I heard from my co worker in Kaoshuing. She mentioned closed down for good, if so end of era. Changing tastes and young people going elsewhere and tastes. I seldom go there now so not much to miss, do hope local food shops stay open. Not sure how night marketing are doing in other cities.
I read about that yesterday. They are losing $1 million a day. Management said the lights will fall at the end of next month. They concede that nothing will be the same even if they were to reopen. People are too afraid.
The tv news was just showing all of the closed shops everywhere.
Read where someone in the government said that Taiwan can’t afford to send each citizen $10,000.
This is already a nightmare
Yes, not good news for some. (I do not go anymore recently). I think it was in a slow decline and COVID19 made it come quicker. Maybe the goverment will help out and it will reopen in miniature version of the nightime market.
The U.S. has been dropping money onto its population during the last year, as well as have other countries.
Taiwan has nothing to fear by using its printing press. All governments are now doing it. Best to do it now when it’s normal to do so. Inflation you say? Well, that’s another topic.
I hope this makes the government extinguish night market (as they are now) in the whole of Taiwan. How nice would be if we had nice fixed ‘stalls’ made of brick and mortar in Chinese architectural style, in a designated pedestrian only place serving the foods they serve now but with a better hygiene. I think they would attract more tourists and be more enjoyable once this is over.
The night markets is all ‘fun and all’ but it is subpar to even the dirtiest places back home. To take a decent picture to show home I need to be very mindful of the angle and not showing anything below waist level where they can see how stuff is cooked and disposed.
do you know how night markets first started?
I don’t. Don’t really enjoy them as they are now and never searched about it’s origins.
Well, they started around temples.
Temples had a few festivals around the year, and so food stalls would be set up to sell to all the attendees.
All the big famous ones are around Temples, even the old Shih-lin Night market.
That whole industry is in the midst of a profound shock and disruption.
What will emerge from this is difficult to imagine.
No wonder. Then the result is they grew independently and out of strict regulations so not easy to control, I’d imagine. If I make a vlog style video or take carefree pictures people say it is not Taiwan, and something like some extreme poor country. I just feel it doesn’t match the image Taiwan wants to be seen in. But it might be much more inherent in the culture and religion culture as I thought and maybe no further changes in sight or even wanted.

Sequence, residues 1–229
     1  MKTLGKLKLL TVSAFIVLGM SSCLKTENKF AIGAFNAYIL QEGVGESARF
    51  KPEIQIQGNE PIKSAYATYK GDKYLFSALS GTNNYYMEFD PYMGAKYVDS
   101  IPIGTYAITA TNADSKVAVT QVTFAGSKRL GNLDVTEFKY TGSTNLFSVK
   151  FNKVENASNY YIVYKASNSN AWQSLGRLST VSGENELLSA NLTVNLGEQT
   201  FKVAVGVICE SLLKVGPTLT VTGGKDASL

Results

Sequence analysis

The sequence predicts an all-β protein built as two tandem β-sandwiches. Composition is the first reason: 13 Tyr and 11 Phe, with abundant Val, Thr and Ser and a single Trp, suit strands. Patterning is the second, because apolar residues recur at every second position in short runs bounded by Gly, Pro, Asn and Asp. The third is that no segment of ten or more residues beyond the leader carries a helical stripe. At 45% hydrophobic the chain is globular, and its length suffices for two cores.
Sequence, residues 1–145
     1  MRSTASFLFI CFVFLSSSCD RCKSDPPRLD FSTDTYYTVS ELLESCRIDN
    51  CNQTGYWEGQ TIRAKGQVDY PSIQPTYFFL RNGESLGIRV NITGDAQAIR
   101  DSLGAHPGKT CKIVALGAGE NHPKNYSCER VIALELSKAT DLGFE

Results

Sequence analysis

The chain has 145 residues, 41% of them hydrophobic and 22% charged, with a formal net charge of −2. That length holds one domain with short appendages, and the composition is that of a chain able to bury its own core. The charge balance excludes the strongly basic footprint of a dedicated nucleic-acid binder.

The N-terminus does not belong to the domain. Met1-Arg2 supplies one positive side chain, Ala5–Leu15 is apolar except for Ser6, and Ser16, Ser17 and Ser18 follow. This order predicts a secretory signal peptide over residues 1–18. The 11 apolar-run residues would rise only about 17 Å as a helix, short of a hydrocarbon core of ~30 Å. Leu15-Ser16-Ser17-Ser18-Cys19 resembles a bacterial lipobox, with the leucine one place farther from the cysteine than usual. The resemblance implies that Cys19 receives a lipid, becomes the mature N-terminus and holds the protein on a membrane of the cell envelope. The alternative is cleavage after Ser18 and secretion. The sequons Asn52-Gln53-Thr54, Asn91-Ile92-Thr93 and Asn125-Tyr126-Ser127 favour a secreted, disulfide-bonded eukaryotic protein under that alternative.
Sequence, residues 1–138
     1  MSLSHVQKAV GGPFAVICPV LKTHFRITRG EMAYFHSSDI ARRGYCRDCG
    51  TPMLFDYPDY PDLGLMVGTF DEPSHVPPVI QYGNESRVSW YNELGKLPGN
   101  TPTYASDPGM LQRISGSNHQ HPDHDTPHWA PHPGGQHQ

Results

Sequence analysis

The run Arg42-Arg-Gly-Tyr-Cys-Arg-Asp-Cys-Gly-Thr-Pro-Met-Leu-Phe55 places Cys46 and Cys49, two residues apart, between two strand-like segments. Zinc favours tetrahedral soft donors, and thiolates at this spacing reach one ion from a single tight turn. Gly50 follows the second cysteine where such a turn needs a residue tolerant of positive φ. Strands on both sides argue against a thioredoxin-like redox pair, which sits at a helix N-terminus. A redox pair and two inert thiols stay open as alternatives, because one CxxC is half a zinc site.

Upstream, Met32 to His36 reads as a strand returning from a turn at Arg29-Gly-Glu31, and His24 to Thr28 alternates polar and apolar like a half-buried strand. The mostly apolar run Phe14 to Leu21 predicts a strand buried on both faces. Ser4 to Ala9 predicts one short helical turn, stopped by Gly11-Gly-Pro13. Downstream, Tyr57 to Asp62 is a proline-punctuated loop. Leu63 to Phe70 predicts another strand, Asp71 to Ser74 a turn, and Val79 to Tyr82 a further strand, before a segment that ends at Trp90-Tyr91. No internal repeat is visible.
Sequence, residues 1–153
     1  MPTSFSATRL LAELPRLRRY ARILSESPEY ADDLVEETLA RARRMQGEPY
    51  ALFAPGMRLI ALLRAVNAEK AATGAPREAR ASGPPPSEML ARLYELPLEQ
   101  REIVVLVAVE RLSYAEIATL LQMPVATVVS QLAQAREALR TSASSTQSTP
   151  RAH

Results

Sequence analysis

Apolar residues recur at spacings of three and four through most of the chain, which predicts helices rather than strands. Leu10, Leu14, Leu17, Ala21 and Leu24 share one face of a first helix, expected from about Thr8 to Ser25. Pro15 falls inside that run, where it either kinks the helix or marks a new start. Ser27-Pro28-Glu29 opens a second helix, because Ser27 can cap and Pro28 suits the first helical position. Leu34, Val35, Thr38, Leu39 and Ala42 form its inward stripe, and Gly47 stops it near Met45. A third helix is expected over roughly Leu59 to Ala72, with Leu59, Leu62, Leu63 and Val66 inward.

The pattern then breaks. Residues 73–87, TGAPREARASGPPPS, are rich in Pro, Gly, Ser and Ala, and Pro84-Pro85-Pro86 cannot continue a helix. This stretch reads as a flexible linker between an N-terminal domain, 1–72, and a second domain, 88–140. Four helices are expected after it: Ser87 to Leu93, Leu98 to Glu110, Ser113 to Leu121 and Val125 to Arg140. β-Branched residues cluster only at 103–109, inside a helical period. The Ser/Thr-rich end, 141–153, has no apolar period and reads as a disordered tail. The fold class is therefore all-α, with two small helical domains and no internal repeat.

I spent some time looking for the article. Was from yesterday. You are very correct. Ever since 09 everyone should have been printing to keep the baskets even. No better time than now.
What are you people talking about?
Correct, the older ones just spread out along all the streets/alleys leading away from the temples, like a spider web.
The problem that I see with getting rid of them in their current state and just putting them into specific spots (like Shih-lin is now), is that HKers, Singaporeans, Japanese, Koreans, and other Asian residents to very very large degree visit Taiwan with those special night markets at the top of their list.
But, anything may happen by autumn, when many of the night markets will still be closed if not severely curtailed.
Some of those stall owners borrow lots of money at underground interest rates. There really is no way for them to survive.
not sure if hygiene would become better and they would attract more.
I haven’t been a big visitor of night-markets since my first year here when they were an exciting novelty (and before I first saw a rat scurry through one), but it’s still sad. There will surely be some lost food stalls that won’t be replicated anywhere in the city. And surrounding businesses (I know German Soul is nearby) may also be impacted.
We have those. They’re called old streets.
Ok, they’re Japanese houses instead of Chinese but yeah.
Many of them I think are actually late Qing, with British influenced red brick architecture.
There’s an easy fix for this problem. Usd TWD rate is at a historic low, around 27.5. Taiwan should print money until that ratio is closer to 35. It would fix most money problems and people wouldn’t have to go to work.
Oh wait that won’t work, the country is ruled by the rich and the last thing they want is to see their investments suffer.